I was born in San Francisco in the 1970s, and grew up eating many traditional Chinese dishes. About 10 years ago, I decided I wanted to discover the history of many of these traditional dishes and learn how to make them. In 2003, I was browsing through the local Barnes & Noble and came across a book called: “The Wisdom of the Chinese Kitchen: Classic Family Recipes for Celebration and Healing” by Grace Young. Like most people, I sat down in one of the comfy couches to browse through it.
Page after page, “Wisdom” contained recipe after recipe of old-time Cantonese dishes with which I had grown up. I was infatuated with this cookbook, so much so that I e-mailed the author to thank her for documenting these stories and recipes. Ms. Young even sent me an autographed bookcard to adhere into the front cover of my book.
I’ve been making many of the dishes from this cookbook for years now (e.g., turkey congee, sticky rice stuffing, oyster-vegetable lettuce wraps, Buddha’s Delight), but there was one recipe in there that had daunted me: 咸粽 (Cantonese: haam joong; Mandarin: zongzi). Many Chinese-Americans also call them Chinese tamales. Each year, a few months after Chinese New Year, our family would receive joong from the older generation of family friends. I would look forward to this time every year because it meant I would have joong to eat. But, after a week or so, all the joong would be eaten up, and I would have to wait until next year for more. So, I finally decided this weekend would be the weekend where I conquered joong, and then I could eat it any time I wanted.
Joong is a wonderful bundle of surprises. Its core is 糯米 or sweet rice (also known as glutinous rice). Surrounded by the rice inside is a savory combination of dry-tasting mung beans (绿豆), salty pork belly (五花腩), shiny Chinese sausage (臘腸) and shittake mushroom (冬菇). But in the very center of it is the pièce de résistance–the bright orangey-yellow solid egg yolk from a salted duck egg (咸鸭蛋黃). As a kid, I would dig into the joong just to find the egg yolk. It has a chalky texture, and is decidedly salty, but oh how good it is! And, all of this is wrapped inside bamboo leaves (竹葉).
There’s a history to joong which you can read all about on the Internet. Long story short, back in the feudal days of China, a famous poet tried to warn his king about a war he foresaw with a neighboring state. Everyone ignored him, and when war came and his king’s empire was lost, he committed suicide by jumping into the river. As the story goes, mourners wrapped rice in bamboo leaves (to prevent the fishes from eating the rice) and threw it into the same river so he could have nourishment. So today, the tradition continues (except we don’t thrown the joong into the river)!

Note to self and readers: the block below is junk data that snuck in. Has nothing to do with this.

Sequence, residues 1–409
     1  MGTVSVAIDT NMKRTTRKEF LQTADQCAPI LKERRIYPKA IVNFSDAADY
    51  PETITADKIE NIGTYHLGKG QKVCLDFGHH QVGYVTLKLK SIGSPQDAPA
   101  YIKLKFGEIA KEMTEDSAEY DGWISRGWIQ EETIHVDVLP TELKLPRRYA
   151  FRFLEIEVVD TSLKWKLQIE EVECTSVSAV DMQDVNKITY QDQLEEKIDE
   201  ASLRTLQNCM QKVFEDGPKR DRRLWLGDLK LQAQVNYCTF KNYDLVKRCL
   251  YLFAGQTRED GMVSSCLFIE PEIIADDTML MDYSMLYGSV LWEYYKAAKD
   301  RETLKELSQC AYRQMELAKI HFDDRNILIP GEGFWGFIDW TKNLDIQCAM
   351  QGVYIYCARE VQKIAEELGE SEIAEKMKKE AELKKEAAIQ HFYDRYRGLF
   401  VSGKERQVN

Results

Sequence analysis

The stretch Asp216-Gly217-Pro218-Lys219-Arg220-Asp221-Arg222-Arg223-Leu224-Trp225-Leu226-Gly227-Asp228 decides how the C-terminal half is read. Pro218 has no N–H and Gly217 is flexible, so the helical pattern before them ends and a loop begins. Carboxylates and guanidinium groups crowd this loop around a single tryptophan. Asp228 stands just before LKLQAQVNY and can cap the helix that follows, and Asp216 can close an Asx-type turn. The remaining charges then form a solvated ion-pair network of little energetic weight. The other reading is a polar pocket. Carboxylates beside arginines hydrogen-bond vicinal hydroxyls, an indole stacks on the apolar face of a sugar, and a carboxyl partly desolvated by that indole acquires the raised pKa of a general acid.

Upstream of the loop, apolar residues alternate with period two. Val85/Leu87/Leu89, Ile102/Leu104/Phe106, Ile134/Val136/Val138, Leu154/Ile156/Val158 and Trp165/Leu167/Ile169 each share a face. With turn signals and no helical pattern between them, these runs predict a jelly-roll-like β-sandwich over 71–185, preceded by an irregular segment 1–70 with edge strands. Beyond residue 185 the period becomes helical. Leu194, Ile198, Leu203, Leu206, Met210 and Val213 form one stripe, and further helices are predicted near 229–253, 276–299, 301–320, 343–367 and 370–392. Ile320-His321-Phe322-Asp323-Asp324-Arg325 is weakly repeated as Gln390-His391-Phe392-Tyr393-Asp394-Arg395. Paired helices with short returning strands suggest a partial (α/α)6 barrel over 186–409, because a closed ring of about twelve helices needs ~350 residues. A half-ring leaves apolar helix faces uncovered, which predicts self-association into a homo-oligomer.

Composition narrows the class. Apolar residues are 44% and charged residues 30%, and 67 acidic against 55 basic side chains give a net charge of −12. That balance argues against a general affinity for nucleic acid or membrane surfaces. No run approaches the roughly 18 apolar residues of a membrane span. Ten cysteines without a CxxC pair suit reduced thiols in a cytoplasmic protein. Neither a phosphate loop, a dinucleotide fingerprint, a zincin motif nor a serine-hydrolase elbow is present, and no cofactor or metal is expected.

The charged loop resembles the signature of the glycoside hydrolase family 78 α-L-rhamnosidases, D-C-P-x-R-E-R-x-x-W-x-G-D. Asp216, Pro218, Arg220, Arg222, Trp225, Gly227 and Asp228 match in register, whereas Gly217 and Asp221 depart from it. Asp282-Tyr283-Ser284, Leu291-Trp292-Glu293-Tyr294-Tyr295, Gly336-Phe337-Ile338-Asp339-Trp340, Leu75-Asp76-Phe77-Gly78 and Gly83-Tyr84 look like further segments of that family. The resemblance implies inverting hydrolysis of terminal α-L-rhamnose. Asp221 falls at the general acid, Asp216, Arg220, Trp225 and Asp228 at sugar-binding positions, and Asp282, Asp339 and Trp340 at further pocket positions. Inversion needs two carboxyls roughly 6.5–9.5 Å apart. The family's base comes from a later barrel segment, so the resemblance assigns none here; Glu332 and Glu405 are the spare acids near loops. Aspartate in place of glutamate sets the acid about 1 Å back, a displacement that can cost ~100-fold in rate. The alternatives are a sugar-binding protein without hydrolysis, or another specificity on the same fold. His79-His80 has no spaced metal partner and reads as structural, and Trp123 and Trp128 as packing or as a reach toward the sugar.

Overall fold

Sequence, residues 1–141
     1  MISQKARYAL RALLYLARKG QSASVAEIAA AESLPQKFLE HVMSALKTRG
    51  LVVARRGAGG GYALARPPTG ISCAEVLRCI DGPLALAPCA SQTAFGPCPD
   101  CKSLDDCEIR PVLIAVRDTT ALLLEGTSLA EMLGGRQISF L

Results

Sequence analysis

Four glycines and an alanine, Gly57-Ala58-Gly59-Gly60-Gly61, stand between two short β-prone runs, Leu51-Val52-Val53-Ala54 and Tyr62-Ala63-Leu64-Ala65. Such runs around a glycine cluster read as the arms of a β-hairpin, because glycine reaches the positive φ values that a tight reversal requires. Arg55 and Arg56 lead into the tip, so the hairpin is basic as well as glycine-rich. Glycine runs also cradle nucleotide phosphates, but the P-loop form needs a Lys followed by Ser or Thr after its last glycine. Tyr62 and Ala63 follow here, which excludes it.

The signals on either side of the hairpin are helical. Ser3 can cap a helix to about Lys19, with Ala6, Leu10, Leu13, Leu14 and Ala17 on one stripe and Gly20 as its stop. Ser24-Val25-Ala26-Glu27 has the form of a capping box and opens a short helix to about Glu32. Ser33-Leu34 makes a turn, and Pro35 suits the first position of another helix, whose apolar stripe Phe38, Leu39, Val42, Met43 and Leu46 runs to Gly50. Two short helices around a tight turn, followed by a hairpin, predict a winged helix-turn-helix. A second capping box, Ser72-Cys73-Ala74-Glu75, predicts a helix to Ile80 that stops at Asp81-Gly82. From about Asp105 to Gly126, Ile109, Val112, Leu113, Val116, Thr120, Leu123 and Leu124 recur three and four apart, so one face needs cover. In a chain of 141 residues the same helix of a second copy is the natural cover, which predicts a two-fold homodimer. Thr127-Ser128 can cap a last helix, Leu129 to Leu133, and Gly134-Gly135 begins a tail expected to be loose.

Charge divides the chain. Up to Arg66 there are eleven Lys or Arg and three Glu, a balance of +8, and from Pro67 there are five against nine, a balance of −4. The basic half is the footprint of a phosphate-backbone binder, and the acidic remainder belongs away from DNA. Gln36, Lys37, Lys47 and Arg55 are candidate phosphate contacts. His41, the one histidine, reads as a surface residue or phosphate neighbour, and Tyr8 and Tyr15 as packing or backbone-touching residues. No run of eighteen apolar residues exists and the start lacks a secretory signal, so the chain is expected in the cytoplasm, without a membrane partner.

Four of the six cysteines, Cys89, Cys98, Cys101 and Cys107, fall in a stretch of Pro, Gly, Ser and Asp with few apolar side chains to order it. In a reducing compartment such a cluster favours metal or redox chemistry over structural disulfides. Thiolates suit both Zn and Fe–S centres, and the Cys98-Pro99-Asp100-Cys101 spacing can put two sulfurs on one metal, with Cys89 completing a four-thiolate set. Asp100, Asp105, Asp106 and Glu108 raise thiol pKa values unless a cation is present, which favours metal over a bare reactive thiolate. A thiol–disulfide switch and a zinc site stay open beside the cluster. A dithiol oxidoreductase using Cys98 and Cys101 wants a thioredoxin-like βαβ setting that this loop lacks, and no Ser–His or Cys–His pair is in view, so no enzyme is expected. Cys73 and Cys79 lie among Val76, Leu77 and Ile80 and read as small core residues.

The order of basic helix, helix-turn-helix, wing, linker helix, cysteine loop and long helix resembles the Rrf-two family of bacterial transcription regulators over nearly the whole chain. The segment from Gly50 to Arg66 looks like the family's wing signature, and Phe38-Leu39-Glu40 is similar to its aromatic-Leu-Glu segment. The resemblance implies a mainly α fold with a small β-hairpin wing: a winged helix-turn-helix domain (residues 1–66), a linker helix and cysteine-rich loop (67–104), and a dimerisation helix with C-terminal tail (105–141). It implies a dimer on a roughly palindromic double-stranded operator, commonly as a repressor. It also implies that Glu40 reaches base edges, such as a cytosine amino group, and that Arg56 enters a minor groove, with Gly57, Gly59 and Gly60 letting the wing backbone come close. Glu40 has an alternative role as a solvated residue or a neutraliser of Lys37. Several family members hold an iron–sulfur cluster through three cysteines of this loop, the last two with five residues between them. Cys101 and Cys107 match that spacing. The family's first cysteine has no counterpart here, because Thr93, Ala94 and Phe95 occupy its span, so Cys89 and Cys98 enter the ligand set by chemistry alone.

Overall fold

The recipe itself seems pretty easy. Take a whole bunch of ingredients, surround it with uncooked rice, and wrap it in bamboo leaves. Boil. Easier said than done though. The recipe itself is a bear (which is why I was so intimidated by it that it’s taken me 7 years after finding the recipe in “Wisdom” to even contemplate trying to make them). There’s lots of pre-prep work that has to be done. The bamboo leaves have to be soaked overnight to make them more pliable for wrapping. The pork belly has to be marinated in salt overnight for flavor. You have to plan ahead if you want to make joong!
After taking care of the pre-prep work last night after we got home from dinner (remind me one of these days to tell you how wonderful 230 Forest Avenue in Laguna is), I went to bed, excited that joong-day was coming. Unfortunately, my excitement was overwhelming because I woke up at 4 a.m., unable to sleep any further.
The prep work began around 5 a.m. I had to boil the bamboo leaves in salted water to kill off the bacteria that lives on the leaves. I had to soak the shittake mushrooms, then slice them up. I had to soak the sweet rice in water so the rice would puff up and absorb the water. I had to rinse the mung beans and slice the sausage, and cut pieces of 4-foot long string (used to tie up the joong when wrapped). I had to remove the yolks from the salted duck eggs, and slice them in half. Then, after the bamboo leaves cooled, I had individually scrub each leaf to make sure all bacteria was removed. Finally, I had to stir in some oil and salt into the drained rice.
Meanwhile, I researched the joong-wrapping technique on YouTube (what a great resource!). I felt confident it wasn’t as hard as I had been led to believe. So, around 6:45 a.m., the assembly of the joong began. The tricky part is wrapping it all up without having everything scatter everywhere. The first couple times, it was an epic fail. But after I got the hang of it, my joong started looking like they were supposed to. I ended up with 13 of them. Then, I boiled them. The recipe said to boil them for 5 hours, but after a couple hours, my joong were already well-cooked.
A couple things I’ve learned from this:
1) Stir-fry the sliced shittake mushrooms in some soy sauce, oyster sauce, sugar and some mirin first. That will add more flavor to the mushrooms.
2) Be careful with salt. The pork belly is rubbed with salt, and the rice mixture has salt, too. I’d go a little lighter on the salt for the pork belly.
3) I’d add a little more mung beans, and a little less rice into each joong next time. There was a bit too much rice.
4) For more flavor, I think I’ll add some shredded conpoy (dried scallops) in the joong next time, too.
So, based on my trial and error this morning, my receipe for making authentic joong (based in part on the “Wisdom” recipe) is as follows:
Ingredients (makes 12-14):
1 package bamboo leaves (each package contains 100 to 150 leaves)
1 slab of pork belly (about 2 pounds), cut into 2 inch x 1/2 inch size pieces